vii MERCY CRISP, b. say 1648; m. Chelmsford 11 April 1667 Robert Parish (or Parris).
viii DELIVERANCE CRISP, b. about 1650 (deposed in 1670 aged twenty [TAG 62:27]); m. by 1674 William Longley Jr. of Groton (her stepbrother) [TAG 62:27, and sources cited there].
ASSOCIATIONS: A "Mr. Crispe" came on the "Plough" in 1631 and settled briefly at Watertown, the same year and place where BENJAMIN CRISP is first seen. This is suggestive, but may be mere coincidence.
COMMENTS: On 22 March 1630/1, "It is orderd, that Beniamyn Cribb, John Cable, & Morris Trowent shall be whipped for stealing 3 pigs of MrBenjamin was born circa 1610 (deposed aged 45 in 1656, 52 in 1662 and 77 in 1683). Some say he was from Frisby, Lincolnshire, England, but Robert Charles Anderson gives his origins as unknown. His last name is sometimes spelled Crisp. He married Bridget ____ before 1637, probably in Watertown, Mass. A "Mr. Crispe" came on the Plough in 1631 and settled briefly at Watertown, the same year and place where Benjamin Crisp is first seen. It is not known with certainty if he is Benjamin.
He was first at Watertown (named freeman there in 1646), then removed to Groton by 1666 and was back in Watertown in 1681.
Benjamin was a mason by trade. He was literate as he signed a deed, rather than using a mark.
On 7 Oct 1656 Benjamin Crisp, aged about 45, deposed that he was a servant to Major (Edward) Gibbons "25 years agone,"so almost certainly he came to New England as an indentured servant. Edward Gibbons (c. 1600-1654) arrived first in MA aabout 1623 and lived for a time at Morton's Merrymount settlement and trading post in what is now Quincy, MA. Morton was arrested and deported for trading guns to Indians and notorious for activities best described as wanton debauchery by the Puritans. On the other hand, Morton regarded the Puritans as intolerant and narrow minded. Morton's people intermarried with Algonquins and Morton once said they were more civilized and humanitarian than his intolerant (Puritan) neighbors. Morton went ballistic when he discovered that Wollaston (who Merrymount was first named for) had been selling indentured servants into slavery on VA tobacco plantations. He raised such cain that Wollaston was forced to flee to VA in 1626. Ultimately the Puritans prevailed, chopping down their Maypoles and other things that symbolized heathen behavior to them. In 1635 Edward Gibbons, then a Lt., and Sgt. Simon Willard took a small bark to the mouth of the Connecticut with 20 carpenters and other workmen. Perhaps Benjamin Crispe accompanied. Edward Gibbons was present with Gov. John Winthrop when the Puritans negotiated with the Indians for the sale of land in Charlestown, MA and surrounding areas.
His name does not appear in records frequently for public service. On 13 April 1681 Watertown selectmen ordered that "Benjamin Crispe" have the "charge of the meeting house committed to him to sweep and ring the bell and what else is needful to be done to fasten the doors and windows when the exercise is done." (Watertown Town Records, 2:7, 8) For taking care of the meeting house, he was to receive an annual salary of 4 pounds, 10 shillings, and was also to be the keeper of the pound. He was then, by his own estimate, in his 70s. Quite remarkable he was still working at that age, which would have been a positively ancient age in the 17th century.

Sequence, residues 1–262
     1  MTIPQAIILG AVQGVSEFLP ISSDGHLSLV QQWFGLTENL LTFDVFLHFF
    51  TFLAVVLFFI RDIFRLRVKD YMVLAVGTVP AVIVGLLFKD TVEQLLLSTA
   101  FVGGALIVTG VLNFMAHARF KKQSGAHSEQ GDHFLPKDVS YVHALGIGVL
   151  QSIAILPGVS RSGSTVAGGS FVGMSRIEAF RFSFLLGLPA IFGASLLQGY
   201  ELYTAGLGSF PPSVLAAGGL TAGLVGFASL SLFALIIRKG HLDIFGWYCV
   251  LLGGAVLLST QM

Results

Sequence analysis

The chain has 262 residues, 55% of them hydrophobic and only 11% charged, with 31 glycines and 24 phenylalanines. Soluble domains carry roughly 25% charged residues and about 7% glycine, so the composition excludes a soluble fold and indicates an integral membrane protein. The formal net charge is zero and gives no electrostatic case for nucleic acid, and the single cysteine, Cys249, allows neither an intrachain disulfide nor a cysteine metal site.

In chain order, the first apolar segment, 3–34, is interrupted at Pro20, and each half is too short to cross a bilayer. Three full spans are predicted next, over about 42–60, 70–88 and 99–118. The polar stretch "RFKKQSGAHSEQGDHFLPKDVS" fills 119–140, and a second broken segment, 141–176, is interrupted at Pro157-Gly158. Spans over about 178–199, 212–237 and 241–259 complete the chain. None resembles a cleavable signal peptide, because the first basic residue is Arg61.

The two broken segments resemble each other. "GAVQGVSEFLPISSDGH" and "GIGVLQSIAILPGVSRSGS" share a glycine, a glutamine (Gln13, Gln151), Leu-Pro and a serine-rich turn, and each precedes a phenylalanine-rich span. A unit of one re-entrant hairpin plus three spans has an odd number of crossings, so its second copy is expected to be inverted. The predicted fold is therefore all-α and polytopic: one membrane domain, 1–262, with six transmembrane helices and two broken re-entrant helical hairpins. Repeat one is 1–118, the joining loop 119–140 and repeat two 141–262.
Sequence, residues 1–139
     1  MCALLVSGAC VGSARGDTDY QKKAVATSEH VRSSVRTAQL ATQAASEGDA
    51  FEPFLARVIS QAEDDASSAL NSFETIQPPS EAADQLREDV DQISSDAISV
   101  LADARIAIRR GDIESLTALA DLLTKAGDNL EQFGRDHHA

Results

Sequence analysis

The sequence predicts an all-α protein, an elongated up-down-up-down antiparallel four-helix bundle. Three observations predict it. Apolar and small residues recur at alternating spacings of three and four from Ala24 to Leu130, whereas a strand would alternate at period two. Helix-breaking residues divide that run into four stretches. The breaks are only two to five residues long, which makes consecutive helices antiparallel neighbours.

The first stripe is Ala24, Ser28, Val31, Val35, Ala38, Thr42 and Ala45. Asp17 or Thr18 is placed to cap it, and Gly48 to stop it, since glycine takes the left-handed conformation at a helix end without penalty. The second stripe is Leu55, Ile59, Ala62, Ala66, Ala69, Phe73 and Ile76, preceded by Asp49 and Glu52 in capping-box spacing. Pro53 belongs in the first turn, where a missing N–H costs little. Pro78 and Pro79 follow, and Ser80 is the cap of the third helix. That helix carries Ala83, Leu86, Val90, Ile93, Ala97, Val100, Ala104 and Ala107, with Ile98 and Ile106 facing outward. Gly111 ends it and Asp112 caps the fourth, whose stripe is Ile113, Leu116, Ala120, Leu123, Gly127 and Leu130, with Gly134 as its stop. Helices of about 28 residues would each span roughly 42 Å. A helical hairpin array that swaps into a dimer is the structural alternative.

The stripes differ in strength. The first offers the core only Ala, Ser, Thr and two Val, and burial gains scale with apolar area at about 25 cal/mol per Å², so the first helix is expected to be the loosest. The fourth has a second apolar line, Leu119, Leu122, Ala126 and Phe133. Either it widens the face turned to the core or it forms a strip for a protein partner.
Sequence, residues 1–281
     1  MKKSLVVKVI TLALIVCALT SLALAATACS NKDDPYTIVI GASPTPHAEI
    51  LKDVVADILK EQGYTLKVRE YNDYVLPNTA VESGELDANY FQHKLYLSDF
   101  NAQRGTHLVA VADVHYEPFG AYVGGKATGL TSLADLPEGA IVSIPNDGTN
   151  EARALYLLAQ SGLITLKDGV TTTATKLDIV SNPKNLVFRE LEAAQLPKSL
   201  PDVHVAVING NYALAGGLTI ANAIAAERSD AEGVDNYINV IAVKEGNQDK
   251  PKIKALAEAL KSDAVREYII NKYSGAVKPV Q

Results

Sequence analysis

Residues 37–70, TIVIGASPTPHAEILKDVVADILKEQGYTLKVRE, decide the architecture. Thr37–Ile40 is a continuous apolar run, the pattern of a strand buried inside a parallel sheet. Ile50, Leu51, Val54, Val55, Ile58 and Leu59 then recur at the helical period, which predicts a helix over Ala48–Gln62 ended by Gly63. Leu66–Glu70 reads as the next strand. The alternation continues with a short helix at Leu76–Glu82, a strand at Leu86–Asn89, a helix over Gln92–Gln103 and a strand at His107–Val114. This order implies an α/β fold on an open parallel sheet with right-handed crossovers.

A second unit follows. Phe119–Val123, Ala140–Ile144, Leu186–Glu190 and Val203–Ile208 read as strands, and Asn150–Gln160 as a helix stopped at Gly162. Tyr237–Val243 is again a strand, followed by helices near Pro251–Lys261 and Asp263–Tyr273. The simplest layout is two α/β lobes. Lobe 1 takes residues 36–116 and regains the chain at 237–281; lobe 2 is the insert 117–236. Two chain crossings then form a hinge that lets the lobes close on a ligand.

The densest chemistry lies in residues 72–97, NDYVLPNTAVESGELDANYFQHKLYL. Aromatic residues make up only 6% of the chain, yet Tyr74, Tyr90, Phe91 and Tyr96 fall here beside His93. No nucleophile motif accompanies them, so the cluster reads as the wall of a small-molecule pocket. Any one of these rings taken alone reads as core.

Benjamin received six land grants at Watertown: seven acres for his homestead, twenty acres of upland in Great Dividend, nine acres of upland beyond the Further Plain; one acre of meadow at Beaver Brook, four acres of Remote Meadow, and three acres of plowland in the Hither Plain (Beaverbrook Plowlands).
On 25 Sept 1666 "Benjamin Crispe of Watertown, mason," joined by "Bridget Crispe, his wife," for a valuable sum of money sold to Thomas Boyden of Groton four parcels of land in Watertown: seven acres of upland and buildings; twenty acres of Great Dividend; twelve acres in Lieu of Township; and a 53 acre farm.
There is no account of his lands at Groton, but they were perhaps those held by his son Jonathan. Presumably he witnessed the Indian attack on the town on 13 March 1675/6, as two of his sons were among the defenders.
Groton was destroyed on that day in March and many of the surviving citizens left town, returning two years later to rebuild.
The couple had eight children, born Watertown: Elizabeth, Mary, Jonathan, Eleazer, Zachariah/Zachary, Mehitable, Mercy, and Deliverance.
Benjamin Crispe was married second in about 1683 to Joanna Goffe, widow of William Longley, a prominent citizen of Groton. Her son William Longley Jr. married Benjamin and Bridget's daughter Deliverance. Deliverance's family suffered horribly, with perhaps 5 of their children along with Deliverance and her husband being killed by the Native Americans in an attack on Groton in 1694..